Comments on: Reserved for Press Beyond the World news headlines Wed, 16 Nov 2016 20:09:42 +0000 hourly 1 By: JRobertoD Tue, 27 Sep 2011 01:02:35 +0000 Dear Sir or Madam

I am from Ecuador. And now I am pursuing a graduate degree in economics in the US.

I just want to say that although I agree with the fact that people should have the right to express themselves freely, in the case of Ecuador the private media that this article is trying portray as the defender of freedom of speech has shared interests with the corrupt banking system that took our country to its worst economic crises at the beginning of the century

Most Ecuadorians are aware of this situation and that is why even though the media in Ecuador is extremely biased, President Correa remains widely popular. In fact to a certain extent people like me believe that Correa has given us a voice in a situation where only the powerful had a voice before thanks to their monopoly of information.

Thank you very much

Roberto D

By: jorgebaldeon Sun, 25 Sep 2011 20:05:08 +0000 For the reader’s information, this quote is taken completely out of context and does not reflect what he is saying. I recommend watching the original video.

“In Latin America … it seems very strange that there is no jail sentence for damaging a human being’s honor, although there is jail for those who are charged with mistreating a dog,” he said.

By: jorgebaldeon Sun, 25 Sep 2011 17:16:21 +0000 Dear Reuters,
This is exactly why we in Ecuador don’t trust the media any more. I am an ecuador citizen living abroad and I follow quite closely what happens in my country. I have learned that in order to get the real image of what happened it is not enough to read the newspapers, because, like in this article, there are many slanted opiniones that are written like facts.

If any readers after reading this have a very discusting view of the president of my country, I beg that you reconsider and give us a chance. The hatred that you have for leaders like Correa are only a political manipulation. I have seen Correa’s intervention at columbia. Many things here are taken out of context and ideas are not complete. I dare the readers to dig deeper, and go to the sources: hQ

By: dnorona Sat, 24 Sep 2011 04:44:52 +0000 mr bases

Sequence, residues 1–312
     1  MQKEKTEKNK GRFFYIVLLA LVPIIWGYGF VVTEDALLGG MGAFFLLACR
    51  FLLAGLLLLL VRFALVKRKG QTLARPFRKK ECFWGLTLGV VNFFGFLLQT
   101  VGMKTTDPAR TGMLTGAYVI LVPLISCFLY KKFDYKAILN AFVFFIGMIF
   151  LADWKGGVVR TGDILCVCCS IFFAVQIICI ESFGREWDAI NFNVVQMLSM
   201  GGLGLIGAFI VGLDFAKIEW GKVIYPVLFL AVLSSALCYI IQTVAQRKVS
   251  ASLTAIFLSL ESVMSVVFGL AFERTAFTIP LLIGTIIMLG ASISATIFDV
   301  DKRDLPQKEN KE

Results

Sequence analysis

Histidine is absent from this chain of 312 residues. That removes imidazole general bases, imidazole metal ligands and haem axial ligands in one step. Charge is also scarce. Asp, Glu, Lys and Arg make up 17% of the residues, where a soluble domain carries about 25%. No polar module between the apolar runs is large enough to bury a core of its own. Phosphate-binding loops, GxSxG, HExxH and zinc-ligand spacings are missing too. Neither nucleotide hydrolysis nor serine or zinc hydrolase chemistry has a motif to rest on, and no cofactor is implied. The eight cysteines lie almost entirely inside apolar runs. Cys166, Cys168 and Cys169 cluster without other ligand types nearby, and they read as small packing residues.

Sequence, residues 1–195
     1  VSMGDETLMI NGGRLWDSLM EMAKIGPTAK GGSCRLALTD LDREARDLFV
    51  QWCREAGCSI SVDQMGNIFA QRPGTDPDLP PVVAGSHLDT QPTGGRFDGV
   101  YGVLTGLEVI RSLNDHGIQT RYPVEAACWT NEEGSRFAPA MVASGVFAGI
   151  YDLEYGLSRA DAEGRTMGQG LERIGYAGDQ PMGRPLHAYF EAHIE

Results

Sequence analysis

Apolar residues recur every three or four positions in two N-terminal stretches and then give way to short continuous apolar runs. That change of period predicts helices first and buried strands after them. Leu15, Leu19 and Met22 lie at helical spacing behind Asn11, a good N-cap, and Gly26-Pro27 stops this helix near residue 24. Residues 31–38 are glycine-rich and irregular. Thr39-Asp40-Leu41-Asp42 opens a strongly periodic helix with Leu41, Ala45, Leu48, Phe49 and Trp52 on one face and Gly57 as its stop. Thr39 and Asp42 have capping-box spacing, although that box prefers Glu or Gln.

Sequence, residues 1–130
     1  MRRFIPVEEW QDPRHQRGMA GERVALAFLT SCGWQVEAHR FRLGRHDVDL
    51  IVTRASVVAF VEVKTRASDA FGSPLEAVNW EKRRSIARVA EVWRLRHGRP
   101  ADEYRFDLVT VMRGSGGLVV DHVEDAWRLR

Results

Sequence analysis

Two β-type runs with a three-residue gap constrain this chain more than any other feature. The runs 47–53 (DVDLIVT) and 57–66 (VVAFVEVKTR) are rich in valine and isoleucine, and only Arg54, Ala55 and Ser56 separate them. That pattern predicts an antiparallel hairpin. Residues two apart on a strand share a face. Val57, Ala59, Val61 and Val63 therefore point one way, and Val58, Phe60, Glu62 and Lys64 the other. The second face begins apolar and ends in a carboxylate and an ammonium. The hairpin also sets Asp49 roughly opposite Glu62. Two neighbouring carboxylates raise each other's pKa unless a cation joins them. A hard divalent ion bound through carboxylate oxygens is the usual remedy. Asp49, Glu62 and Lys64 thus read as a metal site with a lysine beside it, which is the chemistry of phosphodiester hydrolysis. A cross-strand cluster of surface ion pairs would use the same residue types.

i am an ecuadorian who lives in Ecuador and has passed his youth in the midst of the turmoil of a political transition. Sadly in this transition there are power groups (from the economic elite), who are not willing to lend any power or to cede to the claims of change from the people. In latin america the media has always been linked with economic power and to aristocratic families who by publishing stories from their own interest, have even brought down presidents. I am supporter of Mr. Correa, because from the 1st time in 10 years, I can feel that there is something changing not only in the structure of the State, but on the basis of our society as Ecuadorians. However, as I stated earlier, certain groups will not want to disengage from the current status quo that has mantained an entire region under developed and under educated.

That is why in the specific case of Ecuador, the elites are portraying themeselves as the safekeepers of freedom, when 7 years ago they didnt recognized union rights or when they indeed controlled the judicial branch of government.

This is a multidimensional problem that sadly most Human Rights advocates fail to observe, and see that the real human rights violation were done previously by the ones who currently claim their own rights have been violated.

Thank You


By: MilouEc Sat, 24 Sep 2011 02:11:53 +0000 Correa says he is a tolerant president. But his performance of today shows his real face: he does not have any scrupules while dealing with whomever does not agree with his ideas.

Right now, in Ecuador, people are being persecuted for every demonstration of inconformity with his rule. He has dismantled the tripartite power structure of a democratic society, and has created a regime where he himself controls every branch of government.

Yes, it was laughable for such a man to speak about freedom of expression. His attitude against CPJ’s Carlos Lauria tells volumes about the way Correa deals with critics.